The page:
“In a brief moment of lucidity, I was sure that we'd all gone crazy. But then that moment of lucidity was displaced by a supersecond of superlucidity (if I can put it that way), in which I realized that this scene was the logical outcome of our ridiculous lives. It wasn't a punishment but a new wrinkle. It gave us a glimpse of ourselves in our common humanity. It wasn't proof of our idle guilt but a sign of our miraculous and pointless innocence. But that's not it. That's not it. We were still and they were in motion and the sand on the beach was moving, not because of the wind but because of what they were doing and what we were doing, which was nothing, which was watching, and all of that together was the wrinkle, the moment of superlucidity. Then, nothing.”
Roberto Bolaño, The Savage Detectives
“There are books for when you’re bored. Plenty of them. There are books for when you’re calm. The best kind, in my opinion. There are also books for when you’re sad. And there are books for when you’re happy. There are books for when you’re thirsty for knowledge. And there are books for when you’re desperate. The latter are the kind of books Ulises Lima and Belano wanted to write.”
Roberto Bolaño, The Savage Detectives
tags: books
“Supe entonces, con humildad, con perplejidad, en un arranque de mexicanidad absoluta, que estábamos gobernados por el azar y que en esa tormenta todos nos ahogaríamos, y supe que sólo los más astutos, no yo ciertamente, iban a mantenerse a flote un poco más de tiempo.”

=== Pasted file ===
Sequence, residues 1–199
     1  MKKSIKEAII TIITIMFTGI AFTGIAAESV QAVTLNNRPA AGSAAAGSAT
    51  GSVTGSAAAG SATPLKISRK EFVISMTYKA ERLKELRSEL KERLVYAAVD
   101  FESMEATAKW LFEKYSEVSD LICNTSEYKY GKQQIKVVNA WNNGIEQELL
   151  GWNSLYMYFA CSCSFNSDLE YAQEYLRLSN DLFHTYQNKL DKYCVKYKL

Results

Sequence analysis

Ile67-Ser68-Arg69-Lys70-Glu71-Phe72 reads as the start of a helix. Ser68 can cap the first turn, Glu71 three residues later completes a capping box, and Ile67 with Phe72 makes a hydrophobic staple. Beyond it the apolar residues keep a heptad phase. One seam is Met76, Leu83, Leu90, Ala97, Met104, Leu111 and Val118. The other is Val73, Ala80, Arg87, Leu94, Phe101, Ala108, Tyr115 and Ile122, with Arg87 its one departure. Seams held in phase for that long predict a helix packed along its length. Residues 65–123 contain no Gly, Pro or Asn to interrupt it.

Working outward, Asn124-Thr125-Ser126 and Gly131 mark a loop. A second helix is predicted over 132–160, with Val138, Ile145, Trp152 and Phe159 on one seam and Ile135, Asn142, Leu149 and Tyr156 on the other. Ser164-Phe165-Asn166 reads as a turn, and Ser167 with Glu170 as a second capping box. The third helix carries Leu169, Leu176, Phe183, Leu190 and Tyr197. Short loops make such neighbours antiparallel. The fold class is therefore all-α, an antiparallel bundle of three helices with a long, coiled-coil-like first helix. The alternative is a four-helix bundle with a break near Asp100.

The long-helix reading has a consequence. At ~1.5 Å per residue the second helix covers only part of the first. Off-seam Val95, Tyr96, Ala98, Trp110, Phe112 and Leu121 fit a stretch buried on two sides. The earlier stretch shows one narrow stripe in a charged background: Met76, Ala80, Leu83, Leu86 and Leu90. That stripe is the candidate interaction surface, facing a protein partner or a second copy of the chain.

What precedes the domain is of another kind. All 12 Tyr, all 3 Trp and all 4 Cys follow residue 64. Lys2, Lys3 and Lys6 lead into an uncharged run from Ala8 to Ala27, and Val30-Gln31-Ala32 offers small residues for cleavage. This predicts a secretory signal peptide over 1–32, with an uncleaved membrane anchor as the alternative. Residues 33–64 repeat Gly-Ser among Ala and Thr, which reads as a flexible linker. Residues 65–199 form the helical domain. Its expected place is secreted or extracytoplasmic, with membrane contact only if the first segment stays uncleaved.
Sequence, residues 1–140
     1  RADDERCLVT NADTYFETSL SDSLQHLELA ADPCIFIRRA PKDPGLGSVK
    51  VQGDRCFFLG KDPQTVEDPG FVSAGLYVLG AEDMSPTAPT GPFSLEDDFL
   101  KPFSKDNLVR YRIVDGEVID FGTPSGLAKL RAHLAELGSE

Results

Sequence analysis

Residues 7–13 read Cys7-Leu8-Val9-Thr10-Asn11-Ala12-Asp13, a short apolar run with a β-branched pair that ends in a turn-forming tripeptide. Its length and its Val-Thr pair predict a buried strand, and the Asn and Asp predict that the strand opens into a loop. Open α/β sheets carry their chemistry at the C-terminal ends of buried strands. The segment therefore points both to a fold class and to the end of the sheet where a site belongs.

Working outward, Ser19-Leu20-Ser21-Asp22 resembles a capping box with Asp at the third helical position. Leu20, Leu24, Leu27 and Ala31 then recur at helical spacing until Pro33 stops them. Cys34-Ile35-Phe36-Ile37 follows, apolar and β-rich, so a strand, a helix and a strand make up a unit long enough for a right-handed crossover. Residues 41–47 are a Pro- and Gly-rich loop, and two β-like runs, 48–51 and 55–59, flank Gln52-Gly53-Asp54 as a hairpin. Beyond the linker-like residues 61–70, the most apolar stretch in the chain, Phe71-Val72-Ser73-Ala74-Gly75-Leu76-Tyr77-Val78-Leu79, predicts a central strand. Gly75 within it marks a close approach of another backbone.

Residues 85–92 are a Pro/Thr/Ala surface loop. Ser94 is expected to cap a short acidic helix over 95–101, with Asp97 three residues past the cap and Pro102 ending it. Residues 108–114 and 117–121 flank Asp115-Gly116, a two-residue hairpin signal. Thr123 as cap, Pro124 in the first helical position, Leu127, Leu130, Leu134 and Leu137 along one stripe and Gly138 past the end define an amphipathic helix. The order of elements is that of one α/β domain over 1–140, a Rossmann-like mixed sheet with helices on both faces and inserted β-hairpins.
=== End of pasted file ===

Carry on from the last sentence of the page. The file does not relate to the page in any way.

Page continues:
Roberto Bolaño, The Savage Detectives
“Life left us all where we were meant to be or where it was convenient to leave us and then forgot us, which is as it should be.”
Roberto Bolaño, The Savage Detectives
“Qué lástima que pase el tiempo ¿verdad?, qué lástima que nos muramos y que nos hagamos viejos y que las cosas buenas se vayan alejando de nosotros al galope.”
Roberto Bolaño, The Savage Detectives
“Hay momentos para recitar poesías y hay momentos para boxear.”
Roberto Bolaño, The Savage Detectives
“I’m seventeen years old, my name is Juan García Madero, and I’m in my first semester of law school. I wanted to study literature, not law, but my uncle insisted, and in the end I gave in. I’m an orphan, and someday I’ll be a lawyer. That’s what I told my aunt and uncle, and then I shut myself in my room and cried all night.”
Roberto Bolaño, The Savage Detectives
“Not only to myself or before the mirror or at the hour of my death, which I hope will be long in coming, but in the presence of my children and my wife and in the face of the peaceful life I’m building, I must acknowledge: (1) That under Stalin I wouldn’t have wasted my youth in the gulag or ended up with a bullet in the back of my head. (2) That in the McCarthy era I wouldn’t have lost my job or had to pump gas at a gas station. (3) That under Hitler, however, I would have been one of those who chose the path of exile, and that under Franco I wouldn’t have composed sonnets to the caudillo or the Holy Virgin like so many lifelong democrats. One thing is as true as the other. My bravery has its limits, certainly, but so does what I’m willing to swallow. Everything that begins as comedy ends as tragicomedy.”
Roberto Bolaño, The Savage Detectives
“Which is to say, boys, that I saw our struggles and dreams all tangled up in the same failure, and that failure was called joy.”
Roberto Bolaño, The Savage Detectives
“The demented strutting of a dumb bird in the moonlight.”
Roberto Bolaño, The Savage Detectives
“A person could be immensely happy reading only him or the writers he loved. But that would be too easy.”
Roberto Bolaño, The Savage Detectives
“One of the inconveniences of stealing books—especially for a novice like myself—is that sometimes you have to take what you can get.”
Roberto Bolaño, The Savage Detectives
“I didn't hit her, man, what happened was that Maria was obsessed with the Marquis de Sade and wanted to try the spanking thing," said Luscious Skin.
"That's very Maria," said Pancho. "She takes her reading seriously.”
Roberto Bolaño, The Savage Detectives